Why dont use actinics in the planted tank?



This is a very controversial discussion. I have friends that actinics really helps their plants, but in all forums says: NO ACTINICS FOR PLANTED TANK. Yeah I want a scientifically response why because, this, this and this. I know about lumens, watts, spectrum, wavelenghts, etc... So if can include this terms I will aprecciate it.


Plant Guru Team
Lifetime Member
Sep 23, 2007
South Florida
Hi Brian.

For myself, it is simple aesthetics and need. I just don't care for the blue tint and my plants do well without them so far....

I know you are looking for scientific reasons, but to my mind, no need to get more complex than that :)

I look forward to the forthcoming reasoned and learned discussion...


thats can be a point, I really have a 9350K tube that tint the water also but I also use red and white tubes that make white light overall. So it can be solutioned. Still what make this ilumination a bad choise for plants.

Tom Barr

Staff member
Jan 23, 2005
I do not think they are bad, but most plants use more in the yellow and red, with as spike of blue.
They look very unnatural and tacky looking from most people' opinions.

A mix is better.

I use 8800K mostly(sorta like the ADA bulbs color temps), or the giesemann powerchromes, maybe 3 daylights and one aqua flora.

I chose mostly on my own asethetics rather than getting a little bit more PUR/PAR out of any one color temp. I honestly do not think it's worth debating since no aquarist can/are willing to measure the PUR differences between atinics and daylights.
So unless they do that, they really can just parrot what has been said by some theory, rather than test.

Practical matters: folks use them in tanks, the plants do not die, look weird colors, but the plants still grow.
Cool white's also work, as do 4000K and lower.........and perhaps better, so why not use those since the coloration is of no concern and they are much cheaper?
I have to wonder sometimes.

I guess aesthetics are not much concern?
They are for me.

So I use more natural appearing bulbs, or if I want to accent red like yourself, use a 9325 with some other more daylight colors to balance it.
I suppose a blue with some red/warmer colors is fine, as long as the total effect looks good to you.

PAR is PAR for the most part.
Beyond that, you need to do the growth studies to demonstrate that one light produces better growth/more biomass per unit time for PUR at the whole plant level.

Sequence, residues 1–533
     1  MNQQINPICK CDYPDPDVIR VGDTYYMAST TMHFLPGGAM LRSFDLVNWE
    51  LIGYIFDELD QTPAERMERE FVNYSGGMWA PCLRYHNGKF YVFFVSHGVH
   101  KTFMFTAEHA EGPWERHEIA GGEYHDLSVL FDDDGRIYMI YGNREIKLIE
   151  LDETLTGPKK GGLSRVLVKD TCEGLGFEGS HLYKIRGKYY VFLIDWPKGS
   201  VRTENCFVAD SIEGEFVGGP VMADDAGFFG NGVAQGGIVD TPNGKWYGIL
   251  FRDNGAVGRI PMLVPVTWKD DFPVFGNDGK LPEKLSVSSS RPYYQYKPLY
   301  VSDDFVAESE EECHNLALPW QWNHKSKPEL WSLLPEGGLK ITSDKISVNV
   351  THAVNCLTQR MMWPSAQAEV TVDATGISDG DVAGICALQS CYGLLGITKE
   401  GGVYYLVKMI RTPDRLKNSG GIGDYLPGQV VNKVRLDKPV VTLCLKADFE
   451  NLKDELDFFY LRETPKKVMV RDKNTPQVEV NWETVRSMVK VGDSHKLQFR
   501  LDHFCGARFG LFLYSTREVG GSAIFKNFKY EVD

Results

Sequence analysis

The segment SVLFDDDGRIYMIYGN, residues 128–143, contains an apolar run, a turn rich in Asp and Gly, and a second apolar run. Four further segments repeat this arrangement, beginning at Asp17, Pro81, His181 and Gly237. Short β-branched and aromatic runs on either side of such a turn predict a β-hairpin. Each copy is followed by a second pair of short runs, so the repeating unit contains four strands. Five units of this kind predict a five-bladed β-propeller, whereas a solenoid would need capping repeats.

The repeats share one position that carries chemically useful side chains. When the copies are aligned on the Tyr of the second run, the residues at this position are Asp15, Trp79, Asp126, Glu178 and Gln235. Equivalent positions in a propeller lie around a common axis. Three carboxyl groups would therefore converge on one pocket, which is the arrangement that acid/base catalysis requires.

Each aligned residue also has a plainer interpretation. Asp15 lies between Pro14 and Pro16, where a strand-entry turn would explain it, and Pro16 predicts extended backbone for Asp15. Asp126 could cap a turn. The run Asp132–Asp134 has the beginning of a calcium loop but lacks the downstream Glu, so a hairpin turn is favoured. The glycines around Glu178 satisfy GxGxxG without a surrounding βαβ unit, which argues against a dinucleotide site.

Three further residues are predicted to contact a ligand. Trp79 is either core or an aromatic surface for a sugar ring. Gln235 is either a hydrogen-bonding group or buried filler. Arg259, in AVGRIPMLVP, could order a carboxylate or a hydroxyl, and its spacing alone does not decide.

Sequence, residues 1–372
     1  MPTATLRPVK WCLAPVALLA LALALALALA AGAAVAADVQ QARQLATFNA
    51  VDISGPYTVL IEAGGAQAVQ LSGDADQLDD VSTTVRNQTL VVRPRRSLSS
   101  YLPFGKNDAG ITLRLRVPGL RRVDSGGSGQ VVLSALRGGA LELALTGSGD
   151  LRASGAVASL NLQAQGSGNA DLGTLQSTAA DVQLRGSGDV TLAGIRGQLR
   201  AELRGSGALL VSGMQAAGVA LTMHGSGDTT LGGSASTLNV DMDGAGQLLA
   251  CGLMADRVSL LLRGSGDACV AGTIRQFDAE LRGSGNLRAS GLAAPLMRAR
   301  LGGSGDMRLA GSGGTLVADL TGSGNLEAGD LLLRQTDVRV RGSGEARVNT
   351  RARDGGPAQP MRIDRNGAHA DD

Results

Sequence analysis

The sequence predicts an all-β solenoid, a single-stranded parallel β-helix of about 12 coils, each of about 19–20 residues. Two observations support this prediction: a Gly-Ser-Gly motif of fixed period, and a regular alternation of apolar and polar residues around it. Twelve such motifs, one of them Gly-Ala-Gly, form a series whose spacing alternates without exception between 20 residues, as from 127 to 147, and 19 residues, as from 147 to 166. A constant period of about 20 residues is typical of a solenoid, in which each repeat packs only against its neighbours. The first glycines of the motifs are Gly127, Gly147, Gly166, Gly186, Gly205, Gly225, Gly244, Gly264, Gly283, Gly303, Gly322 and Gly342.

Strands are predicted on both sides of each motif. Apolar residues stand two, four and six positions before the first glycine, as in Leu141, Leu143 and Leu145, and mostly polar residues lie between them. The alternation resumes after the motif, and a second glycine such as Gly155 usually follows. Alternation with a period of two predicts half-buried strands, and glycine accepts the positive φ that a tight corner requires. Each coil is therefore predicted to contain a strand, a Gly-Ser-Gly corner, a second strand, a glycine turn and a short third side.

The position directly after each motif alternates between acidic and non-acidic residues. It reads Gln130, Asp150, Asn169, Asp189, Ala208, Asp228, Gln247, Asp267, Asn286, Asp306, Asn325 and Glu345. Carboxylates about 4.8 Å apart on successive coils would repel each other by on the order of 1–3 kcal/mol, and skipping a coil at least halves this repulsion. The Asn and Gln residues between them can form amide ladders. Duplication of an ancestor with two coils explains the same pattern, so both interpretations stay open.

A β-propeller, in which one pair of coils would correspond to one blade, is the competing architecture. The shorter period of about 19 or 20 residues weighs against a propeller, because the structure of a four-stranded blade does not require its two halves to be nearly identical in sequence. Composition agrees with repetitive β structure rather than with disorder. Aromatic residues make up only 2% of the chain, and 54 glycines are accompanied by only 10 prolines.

No one has done that except in a very few rare cases and not for aquatics or aquarium specific bulbs.

Tom Barr


Lifetime Charter Member
Lifetime Member
Jan 15, 2009
I'd have to say appearance as well. Most of the reefers seem to do it as they think the corals look better under certain lights. Of course, this is probably the same group that adds UV LEDs and such to their lighting to get the colors to really pop.

In most cases I read that the new lighting made all the difference and that such and such a light was causing problems or not bright enough. In many cases the light that wasn't bright enough was pumping out so much PAR the corals were bleaching out. Most of it so subjective that any change must be better than what they had before.

Most of the time we have so much excess light that it really doesn't matter what spectrum is more efficient. You're already pumping out so much of one spectrum or another it just doesn't matter. Much like EI dosing. Once you're out of the really limiting areas it just does not matter for any practical purposes other than academic curiosity or for pummeling other people of forums with. :)

That said, I don't like actinics in general and think plants just look wierd when lit with blue light.


Brian20;47435 said:
Im convinced. :D


Prolific Poster
Oct 12, 2008
A couple of years ago, some Chinese scientists have had an experiment on anthocyanin's reaction to different light. Their paper said that anthocyanin was generating most fast (in a culture) when exposed to the light of 420nm. The anthocyanin did not generate at all at the red light.